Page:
The article of Dunkirk was also to be considered, supposing it even not to be of that importance it formerly was, and of which it might hereafter become to posterity, as strongly accumulating and filling the measure of our disgraces; that what had been for more than a century, the pride of our ancestors to enforce, we should so rashly concede; particularly when we were not in a situation, considering our navy (notwithstanding the learned lord's representation), and the relative resources of our enemies, (for it was observed by an honorable commodore, that the criterion of a nation's resources was her credit, and the rule of that credit, the interest she paid, and according to the honorable commodore, Spain paid most enormous interest, and France was much in the same situation;) considering then those relative circumstances, and the naval situation of Holland, Mr. Sheridan contended, we were so far from being reduced to bear such degrading, such

indelible stigmas and impositions, that we were entitled to an honorable peace.

The victory of Lord Rodney, the defeat of the enemy at Gibraltar, our successes in the East Indies, were also enumerated to prove, that our situation was respectable; that if we were reduced in resources, our enemies had not increased theirs, but were at least equally exhausted. He could not avoid remarking the artful attempt of the right honorable secretary, to put the first amendment, and the second of the noble lord in the blue riband, on the same event. He took notice of Mr. T. Pitt's description of the loyalists,—the real loyalists, and the viper loyalists; and yet though the honorable gentleman, in the peculiar stile of eloquence which so much distinguished him, was very warm in discriminating those characters of the loyalists, and pledged his feelings to give every assistance to the real loyalists; yet, in his address proposed to the throne, the vipers were equally recommended to the royal protection, and the house was equally to be bound for them as for the real loyalists. The honorable gentleman was pointed in reply to the Lord Advocate, on his hints thrown out on Mr. Fox's administration, of peace being in the pocket of certain members of a late administration, &c. Mr. Sheridan said, that he had known his honorable friend's disposition when he came into power, and had the honor of acting with him; and he pledged himself, that, though peace was ardently to be desired, though at any time peace was to be preferred, yet knowing, as he did, the relative circumstances of the powers, he never would have acceded to so dishonorable a peace; and for his own part, he did equally pledge himself, that if his honorable friend was of such a disposition, and during his administration had brought such a peace to conclusion, notwithstanding his friendship and esteem for him, he, as an individual, would have opposed it. It was impossible for language to describe his reprobation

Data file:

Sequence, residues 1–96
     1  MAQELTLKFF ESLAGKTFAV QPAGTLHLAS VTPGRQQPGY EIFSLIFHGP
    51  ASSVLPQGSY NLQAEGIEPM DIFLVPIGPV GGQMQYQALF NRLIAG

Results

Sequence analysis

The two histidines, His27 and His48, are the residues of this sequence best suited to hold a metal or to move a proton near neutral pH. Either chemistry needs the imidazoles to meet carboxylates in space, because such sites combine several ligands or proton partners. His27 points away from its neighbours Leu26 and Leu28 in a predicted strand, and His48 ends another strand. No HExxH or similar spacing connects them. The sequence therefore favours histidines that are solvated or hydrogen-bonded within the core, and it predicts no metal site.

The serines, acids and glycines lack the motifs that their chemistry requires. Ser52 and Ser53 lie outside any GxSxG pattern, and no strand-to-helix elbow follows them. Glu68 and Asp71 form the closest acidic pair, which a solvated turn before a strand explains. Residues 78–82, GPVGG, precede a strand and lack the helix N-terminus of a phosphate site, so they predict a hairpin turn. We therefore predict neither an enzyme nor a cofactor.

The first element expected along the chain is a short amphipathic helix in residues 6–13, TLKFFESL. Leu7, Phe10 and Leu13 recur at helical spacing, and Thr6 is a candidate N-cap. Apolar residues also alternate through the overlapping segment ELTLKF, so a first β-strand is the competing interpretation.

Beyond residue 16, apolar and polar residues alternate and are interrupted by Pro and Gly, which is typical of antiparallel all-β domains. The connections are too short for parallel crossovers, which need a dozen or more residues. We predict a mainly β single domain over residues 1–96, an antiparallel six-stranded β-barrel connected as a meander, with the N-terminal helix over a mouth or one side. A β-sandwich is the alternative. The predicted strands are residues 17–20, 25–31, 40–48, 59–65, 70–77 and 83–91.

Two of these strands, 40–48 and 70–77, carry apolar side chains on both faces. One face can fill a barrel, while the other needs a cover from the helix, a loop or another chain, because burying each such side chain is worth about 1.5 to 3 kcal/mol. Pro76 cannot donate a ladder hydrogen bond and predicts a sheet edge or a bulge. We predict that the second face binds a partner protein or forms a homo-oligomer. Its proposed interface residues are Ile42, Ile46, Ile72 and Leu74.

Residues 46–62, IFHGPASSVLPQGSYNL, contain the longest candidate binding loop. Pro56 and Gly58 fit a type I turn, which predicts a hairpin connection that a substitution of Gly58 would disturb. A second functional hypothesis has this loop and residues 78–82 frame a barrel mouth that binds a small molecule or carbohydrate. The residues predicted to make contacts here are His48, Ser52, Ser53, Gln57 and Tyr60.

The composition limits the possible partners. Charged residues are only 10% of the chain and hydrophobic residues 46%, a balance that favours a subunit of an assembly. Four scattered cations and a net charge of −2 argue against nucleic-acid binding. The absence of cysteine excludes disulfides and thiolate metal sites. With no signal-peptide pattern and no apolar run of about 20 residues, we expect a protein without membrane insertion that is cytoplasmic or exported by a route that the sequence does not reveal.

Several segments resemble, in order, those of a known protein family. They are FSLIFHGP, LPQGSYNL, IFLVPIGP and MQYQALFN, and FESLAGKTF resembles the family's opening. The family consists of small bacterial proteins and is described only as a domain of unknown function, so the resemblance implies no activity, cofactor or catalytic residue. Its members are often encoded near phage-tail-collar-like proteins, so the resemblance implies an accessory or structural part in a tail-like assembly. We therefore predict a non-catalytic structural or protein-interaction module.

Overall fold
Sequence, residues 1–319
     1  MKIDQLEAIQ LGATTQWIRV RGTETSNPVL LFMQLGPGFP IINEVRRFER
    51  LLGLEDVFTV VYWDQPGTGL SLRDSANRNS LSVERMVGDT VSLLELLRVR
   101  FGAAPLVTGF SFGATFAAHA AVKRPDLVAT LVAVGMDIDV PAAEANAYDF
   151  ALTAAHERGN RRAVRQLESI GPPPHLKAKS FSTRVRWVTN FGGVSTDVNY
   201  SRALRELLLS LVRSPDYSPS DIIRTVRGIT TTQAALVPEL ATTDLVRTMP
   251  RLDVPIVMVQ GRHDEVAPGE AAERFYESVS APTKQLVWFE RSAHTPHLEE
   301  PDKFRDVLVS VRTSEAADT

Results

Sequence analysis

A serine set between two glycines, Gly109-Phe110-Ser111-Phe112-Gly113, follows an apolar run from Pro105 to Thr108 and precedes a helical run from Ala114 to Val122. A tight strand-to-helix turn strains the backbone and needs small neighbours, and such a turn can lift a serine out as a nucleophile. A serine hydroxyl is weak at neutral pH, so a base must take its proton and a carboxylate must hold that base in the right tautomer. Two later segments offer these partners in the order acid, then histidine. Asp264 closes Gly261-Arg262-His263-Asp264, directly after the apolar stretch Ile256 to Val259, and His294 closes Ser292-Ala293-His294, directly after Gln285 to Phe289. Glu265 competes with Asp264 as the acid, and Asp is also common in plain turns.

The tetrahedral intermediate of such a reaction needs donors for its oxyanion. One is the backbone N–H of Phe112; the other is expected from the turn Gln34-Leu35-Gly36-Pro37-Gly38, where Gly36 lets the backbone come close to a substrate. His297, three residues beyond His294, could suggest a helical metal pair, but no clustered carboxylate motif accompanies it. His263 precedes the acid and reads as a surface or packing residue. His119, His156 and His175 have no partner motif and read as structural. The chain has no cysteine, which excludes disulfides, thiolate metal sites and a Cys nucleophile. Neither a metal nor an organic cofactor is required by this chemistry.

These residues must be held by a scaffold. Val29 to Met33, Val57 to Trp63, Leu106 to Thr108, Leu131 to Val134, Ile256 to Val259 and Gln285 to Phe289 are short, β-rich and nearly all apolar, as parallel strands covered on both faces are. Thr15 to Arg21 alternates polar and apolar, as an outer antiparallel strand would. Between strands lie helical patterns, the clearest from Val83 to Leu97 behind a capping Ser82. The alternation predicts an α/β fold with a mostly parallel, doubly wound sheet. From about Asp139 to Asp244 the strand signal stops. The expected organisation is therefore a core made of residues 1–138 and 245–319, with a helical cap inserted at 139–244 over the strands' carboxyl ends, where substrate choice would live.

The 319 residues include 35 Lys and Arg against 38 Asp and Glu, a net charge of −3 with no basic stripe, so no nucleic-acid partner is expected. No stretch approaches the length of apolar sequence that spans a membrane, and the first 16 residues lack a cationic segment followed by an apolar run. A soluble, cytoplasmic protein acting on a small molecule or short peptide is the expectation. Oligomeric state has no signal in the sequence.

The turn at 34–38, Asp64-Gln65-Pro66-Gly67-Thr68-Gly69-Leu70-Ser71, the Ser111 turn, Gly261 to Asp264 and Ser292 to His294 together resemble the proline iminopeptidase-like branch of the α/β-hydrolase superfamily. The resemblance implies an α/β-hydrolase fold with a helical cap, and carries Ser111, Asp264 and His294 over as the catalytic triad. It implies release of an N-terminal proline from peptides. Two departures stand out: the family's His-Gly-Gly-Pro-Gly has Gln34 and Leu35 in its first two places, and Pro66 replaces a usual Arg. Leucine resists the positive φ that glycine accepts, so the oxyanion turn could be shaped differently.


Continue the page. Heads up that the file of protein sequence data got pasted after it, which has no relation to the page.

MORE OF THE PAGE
of it, or what he felt for the national disgrace; but, he said, the true criterion by which his honorable friend's intentions could be judged by, was his correspondence while in office; and he dared ministers to move for its being laid before the house.-(Here a great cry of "Move, move.") He then made some remarks on the coalition of the parties the learned lord had alluded to, and the honey-moon of their loves, which Mr. Sheridan said, if it was the case that there was a coalition, it was rather to be called the wedding day. Mr. Sheridan then attacked the learned lord on his inconsistency, from his having declared he would support no man whose measures he did not approve. He asked the learned lord, if it was consistency then in him to support the patron of equal representation, to which Mr. Sheridan professed himself a warm friend. Was it consistency to support the independence of America, of which he had ever been so determined an enemy? He put to the Advocate some other questions; and remarked, that there was such a versatility in the politics of some men, that when interest called, every other consideration gave way; and if that was not the case, it was hard to suppose how the learned lord's adoration and high-sounding panegyrics of the noble lord in the blue riband, with which the walls of that house were wont to resound, should now be transferred to those connections which had been heretofore so obnoxious to him. He was very severe on the Lord Advocate for his early desertion, and his unfairness of using, in his peculiar situation, recrimination, which at all events could never be allowed as argument.

Mr. Pitt spoke in answer to the various arguments that had been adduced against the motion for the address to the throne. He was pointedly severe on the gentlemen who had spoken against the address, and particularly on Mr. Sheridan. "No man admired more than he did the abilities of that right honorable gentleman, the elegant sallies of his thought, the gay effusions of his fancy, his dramatic turns, and his epigrammatic points; and if they were reserved

« PreviousContinue »